But more to the point, the satellite data was able to determine the amount and source of that additional carbon dioxide produced from natural sources. The following chart shows that almost all of that contribution came from the tropics, where a combination of higher temperatures and drought conditions led to less carbon dioxide being captured by plants in the Earth's equatorial belt.


NASA totaled up the numbers related to the 2015-2016 El Niño event:

A new NASA study provides space-based evidence that Earth’s tropical regions were the cause of the largest annual increases in atmospheric carbon dioxide concentration seen in at least 2,000 years.

Scientists suspected the 2015-16 El Nino -- one of the largest on record -- was responsible, but exactly how has been a subject of ongoing research. Analyzing the first 28 months of data from NASA’s Orbiting Carbon Observatory-2 (OCO-2) satellite, researchers conclude impacts of El Nino-related heat and drought occurring in tropical regions of South America, Africa and Indonesia were responsible for the record spike in global carbon dioxide. The findings are published in the journal Science Friday as part of a collection of five research papers based on OCO-2 data.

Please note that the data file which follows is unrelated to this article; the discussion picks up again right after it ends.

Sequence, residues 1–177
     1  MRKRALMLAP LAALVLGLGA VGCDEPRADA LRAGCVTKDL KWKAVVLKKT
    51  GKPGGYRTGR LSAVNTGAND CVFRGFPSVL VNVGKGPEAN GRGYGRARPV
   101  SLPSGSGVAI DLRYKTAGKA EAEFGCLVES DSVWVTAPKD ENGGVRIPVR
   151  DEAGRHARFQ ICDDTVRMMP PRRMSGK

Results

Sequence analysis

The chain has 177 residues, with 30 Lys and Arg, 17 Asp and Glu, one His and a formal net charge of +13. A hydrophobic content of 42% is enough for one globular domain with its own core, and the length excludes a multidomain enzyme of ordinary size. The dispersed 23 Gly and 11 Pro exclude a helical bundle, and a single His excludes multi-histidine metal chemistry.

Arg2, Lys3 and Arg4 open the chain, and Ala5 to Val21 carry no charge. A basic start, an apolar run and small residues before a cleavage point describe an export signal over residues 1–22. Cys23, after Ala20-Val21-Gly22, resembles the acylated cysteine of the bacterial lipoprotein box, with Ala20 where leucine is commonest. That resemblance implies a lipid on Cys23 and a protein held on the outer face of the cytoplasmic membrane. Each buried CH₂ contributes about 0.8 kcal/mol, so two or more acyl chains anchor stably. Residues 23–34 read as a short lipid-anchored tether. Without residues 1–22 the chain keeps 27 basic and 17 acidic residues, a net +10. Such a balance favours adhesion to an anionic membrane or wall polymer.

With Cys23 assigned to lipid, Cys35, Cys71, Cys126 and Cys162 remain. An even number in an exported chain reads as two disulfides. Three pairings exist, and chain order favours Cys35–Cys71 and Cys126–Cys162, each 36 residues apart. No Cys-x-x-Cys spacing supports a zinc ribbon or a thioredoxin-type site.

“These three tropical regions released 2.5 gigatons more carbon into the atmosphere than they did in 2011,” said Junjie Liu of NASA’s Jet Propulsion Laboratory (JPL) in Pasadena, California, who is lead author of the study. “Our analysis shows this extra carbon dioxide explains the difference in atmospheric carbon dioxide growth rates between 2011 and the peak years of 2015-16. OCO-2 data allowed us to quantify how the net exchange of carbon between land and atmosphere in individual regions is affected during El Nino years.” A gigaton is a billion tons.